First off, Trapped is not an easy film to process. The film has very little plot but very high engagement. Having a crowd of 200 people give the exact same reaction at the exact same time is something most filmmakers only dream of achieving. It only took Vikramaditya Motwane 3 films to get there.
There’s more to the story of Trapped than they tease in the trailer. The film is more than just a guy being trapped in a house. The film, it appears, pokes fun at the busy lifestyle of people in the metro cities.
An empty high rise building can signify many things but at the same time, it can mean absolutely nothing and that, is the brilliance of Trapped. More often than not, the film teases of having a deeper meaning and just as you try to make sense of it all, it presents the next occurrence in a matter-of-fact way, as if everything was bound to happen and that there’s no hidden meaning to the various junctures of the story.
Rajkumar Rao’s unbelievably real portrayal of a calm and composed individual is tested to the brim of insanity by the situations presented in the story.
The choice to have a composed central character may have come out of the insanity of the story. Rajkumar Rao’s character is written as a confident self-dependent guy who sneaks his way into a romantic relationship with the mesmerizing Geetanjali Thapa.
His character is also shown as aloof who doesn’t have any close friends except a bunch of flatmates who look like it’s been 12 years since they last gave a fuck about anything.
It goes without saying that Vikramaditya Motwane provides a justification to almost every exit strategy that the audience may come up with, for Rajkumar Rao’s character.
No matter what you think you could have done, you will find yourself saying “easier said than done” as you see Rajkumar Rao trying out and subsequently failing at almost all possible escape plans. And that’s the beauty of this screenplay written by Hardik Mehta and Amit Joshi. Despite having an extremely restricted plot, the film holds on to your attention (except on a couple of occasions).
Thanks to the theater owners who agreed to screen the film without an interval, you begin to feel claustrophobic by watching it all take place in the same room. That’s unless you’re texting someone on Whatsapp, which most of us Indians can’t seem to breathe without.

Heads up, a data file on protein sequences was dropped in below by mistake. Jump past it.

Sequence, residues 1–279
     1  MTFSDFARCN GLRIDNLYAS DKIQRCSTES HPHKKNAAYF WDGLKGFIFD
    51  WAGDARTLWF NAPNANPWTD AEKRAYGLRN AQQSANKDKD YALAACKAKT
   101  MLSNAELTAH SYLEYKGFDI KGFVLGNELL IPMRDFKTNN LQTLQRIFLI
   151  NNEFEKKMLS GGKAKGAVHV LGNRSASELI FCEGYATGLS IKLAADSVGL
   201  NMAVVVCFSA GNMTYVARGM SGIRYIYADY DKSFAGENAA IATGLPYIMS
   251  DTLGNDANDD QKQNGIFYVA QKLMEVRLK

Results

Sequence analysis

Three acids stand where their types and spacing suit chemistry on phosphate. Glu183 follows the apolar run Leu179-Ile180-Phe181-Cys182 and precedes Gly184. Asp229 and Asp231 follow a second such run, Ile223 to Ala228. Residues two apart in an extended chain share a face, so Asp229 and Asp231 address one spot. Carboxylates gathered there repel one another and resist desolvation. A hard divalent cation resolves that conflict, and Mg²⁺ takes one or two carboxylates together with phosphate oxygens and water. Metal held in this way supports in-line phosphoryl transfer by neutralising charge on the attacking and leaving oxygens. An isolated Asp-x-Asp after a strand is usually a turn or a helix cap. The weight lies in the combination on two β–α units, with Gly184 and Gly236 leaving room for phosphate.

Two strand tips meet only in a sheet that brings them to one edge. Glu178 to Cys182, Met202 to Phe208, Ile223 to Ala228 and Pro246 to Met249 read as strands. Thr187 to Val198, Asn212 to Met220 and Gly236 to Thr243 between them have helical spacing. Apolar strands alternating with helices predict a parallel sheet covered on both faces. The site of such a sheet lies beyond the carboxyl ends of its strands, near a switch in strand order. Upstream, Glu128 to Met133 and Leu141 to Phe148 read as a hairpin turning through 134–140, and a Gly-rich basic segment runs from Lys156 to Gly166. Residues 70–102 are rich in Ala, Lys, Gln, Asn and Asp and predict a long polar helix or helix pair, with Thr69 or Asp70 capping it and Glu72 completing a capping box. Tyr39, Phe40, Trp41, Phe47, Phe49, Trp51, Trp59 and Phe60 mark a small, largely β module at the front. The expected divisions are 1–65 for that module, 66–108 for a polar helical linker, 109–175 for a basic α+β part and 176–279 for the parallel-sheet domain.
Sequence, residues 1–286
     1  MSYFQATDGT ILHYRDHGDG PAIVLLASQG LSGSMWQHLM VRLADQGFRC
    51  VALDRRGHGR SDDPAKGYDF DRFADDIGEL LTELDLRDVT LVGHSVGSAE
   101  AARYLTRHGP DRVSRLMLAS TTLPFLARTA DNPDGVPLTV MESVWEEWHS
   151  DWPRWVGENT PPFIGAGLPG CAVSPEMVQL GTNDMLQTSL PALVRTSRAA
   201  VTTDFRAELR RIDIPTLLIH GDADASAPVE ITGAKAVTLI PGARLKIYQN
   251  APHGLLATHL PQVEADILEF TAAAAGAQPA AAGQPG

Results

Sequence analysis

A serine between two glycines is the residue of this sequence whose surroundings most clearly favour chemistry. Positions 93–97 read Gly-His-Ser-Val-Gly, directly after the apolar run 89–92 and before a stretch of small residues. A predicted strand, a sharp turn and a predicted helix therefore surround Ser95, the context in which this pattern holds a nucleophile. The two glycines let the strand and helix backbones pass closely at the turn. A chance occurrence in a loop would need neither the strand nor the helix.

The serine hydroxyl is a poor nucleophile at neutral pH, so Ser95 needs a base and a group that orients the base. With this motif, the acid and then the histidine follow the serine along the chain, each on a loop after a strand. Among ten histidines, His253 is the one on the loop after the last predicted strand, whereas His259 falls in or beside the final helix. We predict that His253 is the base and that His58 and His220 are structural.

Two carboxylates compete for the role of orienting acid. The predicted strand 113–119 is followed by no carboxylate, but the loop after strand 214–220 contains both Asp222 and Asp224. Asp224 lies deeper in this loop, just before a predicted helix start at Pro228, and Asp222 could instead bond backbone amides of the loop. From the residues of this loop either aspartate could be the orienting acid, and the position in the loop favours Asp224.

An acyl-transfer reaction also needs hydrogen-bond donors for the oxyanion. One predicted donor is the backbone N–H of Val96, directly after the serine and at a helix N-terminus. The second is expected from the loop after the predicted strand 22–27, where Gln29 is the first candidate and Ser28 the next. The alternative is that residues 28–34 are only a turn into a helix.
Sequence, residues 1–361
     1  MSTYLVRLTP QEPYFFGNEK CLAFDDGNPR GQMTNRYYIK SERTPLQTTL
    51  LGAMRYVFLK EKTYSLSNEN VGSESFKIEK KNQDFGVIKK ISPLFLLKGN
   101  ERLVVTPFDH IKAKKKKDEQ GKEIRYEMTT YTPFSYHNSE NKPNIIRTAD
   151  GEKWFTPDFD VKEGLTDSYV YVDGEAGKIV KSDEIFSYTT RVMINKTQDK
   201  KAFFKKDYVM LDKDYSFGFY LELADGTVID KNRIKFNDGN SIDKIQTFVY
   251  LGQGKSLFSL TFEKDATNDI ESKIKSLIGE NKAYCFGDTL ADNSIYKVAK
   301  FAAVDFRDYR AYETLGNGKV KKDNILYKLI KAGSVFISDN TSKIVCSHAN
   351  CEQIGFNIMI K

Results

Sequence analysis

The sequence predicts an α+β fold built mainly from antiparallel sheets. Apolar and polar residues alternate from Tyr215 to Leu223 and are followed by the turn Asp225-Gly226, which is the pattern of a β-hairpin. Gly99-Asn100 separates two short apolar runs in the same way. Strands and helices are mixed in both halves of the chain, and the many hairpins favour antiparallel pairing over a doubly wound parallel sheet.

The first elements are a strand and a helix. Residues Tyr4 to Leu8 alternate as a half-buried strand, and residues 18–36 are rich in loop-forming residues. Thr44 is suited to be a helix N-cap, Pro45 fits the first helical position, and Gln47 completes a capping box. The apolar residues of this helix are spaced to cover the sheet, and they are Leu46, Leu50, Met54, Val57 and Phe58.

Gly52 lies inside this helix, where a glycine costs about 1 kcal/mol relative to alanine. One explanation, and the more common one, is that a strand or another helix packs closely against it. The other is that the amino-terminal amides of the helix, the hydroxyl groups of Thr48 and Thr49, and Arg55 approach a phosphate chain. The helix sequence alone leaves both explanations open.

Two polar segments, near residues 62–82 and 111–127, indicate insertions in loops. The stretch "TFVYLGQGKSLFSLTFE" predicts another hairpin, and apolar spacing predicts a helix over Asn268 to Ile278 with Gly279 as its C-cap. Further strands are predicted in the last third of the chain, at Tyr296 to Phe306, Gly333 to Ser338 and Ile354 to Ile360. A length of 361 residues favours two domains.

Vikramaditya Motwane’s direction deserves a separate article altogether but well..
Most of the scenes inside the house have been shot at a close angle so as to make you feel claustrophobic ad that’s worked really well in the favor of the filmmaker. But what’s surprising is that in a film where you expect to experience things from the central character’s perspective, you’re often thrown at the outside by a distant camera angle.
For example, early on in the film when Rajkumar Rao gets locked inside his house, the filmmaker shows you his struggles from inside the room. You see how he’s throwing everything in his sight to damage the lock but fails. And then suddenly, there’s a low angle shot from outside the door where you hear Rajkumar Rao screaming for help from the other side of the door. This particular shot makes you look at his plight as an outsider.
The same is repeated a couple of more times in the film. The director could have chosen these camera angles for various reasons but the choice is undoubtedly interesting. It exposes the audience to see the film from a different perspective.
It only goes on to show that you can give Vikramaditya Motwane any amount of plot, he will make an exceptional film out of it.
One of the film’s biggest strength is its background score and the sound design. The sound of the metal pan clanking against the grill of the balcony is used repeatedly, almost as if the director is telling you that this is your only source of music in here. The background score takes the film on a high and Rajkumar Rao’s acting beautifully compliments the score.
However having said that, the film doesn’t come without its flaws. The film’s biggest drawback (which to a particular audience will also be its biggest strength) is its limited plot, which makes it rather unlikely for family audiences to flock to the theaters to watch it.
Rajkumar Rao is an exceptional actor who will climb many stairs of stardom with this performance alone. In case the world wasn’t paying attention to Rao’s acting abilities, it will now.
Had there been any other actor playing this character, the film would have turned out to be very very different from what it is right now. Trapped is the first ever survival thriller made in India and it’s really powerful.
It’s not an easy film to watch, it’s not everyone’s cup of tea but it’s a landmark debut for the genre in India. Hope the next entries in the genre will live up to their predecessor.